Unlike the previous two volumes, the three episodes of this one have a dearth of major action scenes beyond the occasional flashback. The Mirai doesn't get to show off its fancy hardware and armaments, nor do any of its characters get involved in any significant battles. Despite that, the content rarely lacks for tension and drama as circumstances continue to place the Mirai in a precarious position. The series also continues its penchant for tossing in actual historical figures, this time including Mitsumasa Yonai, the actual Navy Minister and Deputy Prime Minister (the English translation errantly refers to him as “Prime Minister,” although he did have an earlier stint at that job) of Japan at the time of the story. It also briefly brings back Lt. Commander Okamura, the officer who led the Japanese engineers in defense of Guadalcanal.
The final episodes maintain the high artistic standards set by previous volumes, most notably in the CG renditions of moving ships and the detailed recreations of 1942 versions of various settings. Reconstructions of period uniforms and clothing also remains a strong point, but the non-CG animation, unfortunately, does not. Whatever the reason, it suffers the occasional breakdown during this span and generally looks stiffer than what it did in earlier episodes. The bulk of the problem is confined to episode 24, however. The soundtrack actually improves a little during this same span, in large part by dumping some of the weaker themes used throughout the first few volumes in favor of easier-flowing and more steadily dramatic themes.
An English dub that already struggles endangers itself further by changing actors for the key role of Kadomatsu for the final volume, a role that had typically featured one of the few good performances. The results are not disastrous – in fact, current English VA Curran Shane Mardjuki probably would have been acceptable in the role had he been voicing it from the beginning – but a substantially different vocal style in the role which gets the most dialogue in these episodes is jarring. The rest of the cast, as a whole, does not irritate the ears as much as in previous volumes, nor does the casting of Yonai create any issues. The dub also lacks the grievous errors in production seen in some earlier volumes, but the improvement is not quite enough to bring it up to the level of the original Japanese performances. As per normal, dialogue gets shifted around as needed in the English script and some parts do get substantially reworded, though none of the changes have a major impact on the content.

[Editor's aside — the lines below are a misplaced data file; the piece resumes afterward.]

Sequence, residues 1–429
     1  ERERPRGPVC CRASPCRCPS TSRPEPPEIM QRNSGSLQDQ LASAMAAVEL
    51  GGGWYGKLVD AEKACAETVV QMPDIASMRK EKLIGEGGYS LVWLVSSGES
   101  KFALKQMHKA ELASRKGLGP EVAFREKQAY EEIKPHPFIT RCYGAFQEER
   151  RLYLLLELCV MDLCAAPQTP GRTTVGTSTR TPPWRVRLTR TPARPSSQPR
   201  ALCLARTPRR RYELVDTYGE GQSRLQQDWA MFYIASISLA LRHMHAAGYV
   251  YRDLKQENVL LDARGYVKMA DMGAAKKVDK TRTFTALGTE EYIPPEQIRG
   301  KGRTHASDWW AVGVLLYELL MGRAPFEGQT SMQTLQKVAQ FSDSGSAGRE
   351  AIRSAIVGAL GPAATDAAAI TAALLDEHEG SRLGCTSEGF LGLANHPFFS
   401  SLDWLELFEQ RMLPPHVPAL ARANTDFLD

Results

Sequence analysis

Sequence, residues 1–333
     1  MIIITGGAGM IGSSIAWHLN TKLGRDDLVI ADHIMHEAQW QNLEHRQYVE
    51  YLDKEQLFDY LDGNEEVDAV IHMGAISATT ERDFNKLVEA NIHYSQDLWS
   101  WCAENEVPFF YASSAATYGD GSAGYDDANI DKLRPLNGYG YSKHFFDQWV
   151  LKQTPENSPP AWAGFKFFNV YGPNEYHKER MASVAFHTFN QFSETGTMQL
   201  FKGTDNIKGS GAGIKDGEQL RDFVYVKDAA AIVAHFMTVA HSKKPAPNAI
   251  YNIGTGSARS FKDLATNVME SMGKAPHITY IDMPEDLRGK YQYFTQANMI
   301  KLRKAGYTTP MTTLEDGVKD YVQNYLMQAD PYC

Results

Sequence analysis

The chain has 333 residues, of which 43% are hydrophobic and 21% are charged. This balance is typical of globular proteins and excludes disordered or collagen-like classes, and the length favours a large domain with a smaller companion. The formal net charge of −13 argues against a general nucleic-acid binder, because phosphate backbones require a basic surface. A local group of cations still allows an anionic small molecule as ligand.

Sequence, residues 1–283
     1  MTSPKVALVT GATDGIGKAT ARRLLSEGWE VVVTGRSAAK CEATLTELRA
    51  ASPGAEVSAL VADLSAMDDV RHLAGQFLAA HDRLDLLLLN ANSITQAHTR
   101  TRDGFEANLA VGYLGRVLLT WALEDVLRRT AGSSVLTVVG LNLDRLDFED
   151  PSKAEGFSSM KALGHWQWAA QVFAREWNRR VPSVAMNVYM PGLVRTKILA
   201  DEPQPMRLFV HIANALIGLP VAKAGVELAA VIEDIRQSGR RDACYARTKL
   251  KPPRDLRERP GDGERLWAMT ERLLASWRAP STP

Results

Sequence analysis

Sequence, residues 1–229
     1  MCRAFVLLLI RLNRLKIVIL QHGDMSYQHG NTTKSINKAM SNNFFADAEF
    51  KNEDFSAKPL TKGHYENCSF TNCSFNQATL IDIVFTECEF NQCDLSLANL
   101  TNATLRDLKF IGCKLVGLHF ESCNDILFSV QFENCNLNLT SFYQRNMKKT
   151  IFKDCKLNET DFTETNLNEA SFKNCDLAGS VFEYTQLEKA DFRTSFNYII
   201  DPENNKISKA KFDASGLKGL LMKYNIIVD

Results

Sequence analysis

Once again a volume of Zipang lacks any extras beyond English translations of the credits. But at least this volume came out just in time to make Geneon's “we're not putting out any more disks” cut-off.
The inconclusive way Zipang ends takes it out of serious consideration as 2007's best anime title released in America, but it certainly still deserves a place amongst the year's elite releases. The writing and visuals are just too consistently good to deny, it offers satisfying amounts of flash and military buff-oriented fan service, and its thoughtful, well-balanced treatment of serious historical issues deserves recognition. To get American anime companies to keep bringing quality niche titles like this over to the States they must be supported, and you will be hard-pressed to find a more worthy candidate.
Overall (dub) : B+
Overall (sub) : A-
Story : A-
Animation : B
Art : A-
Music : A-
+ Excellent writing, storytelling, and military and clothing designs.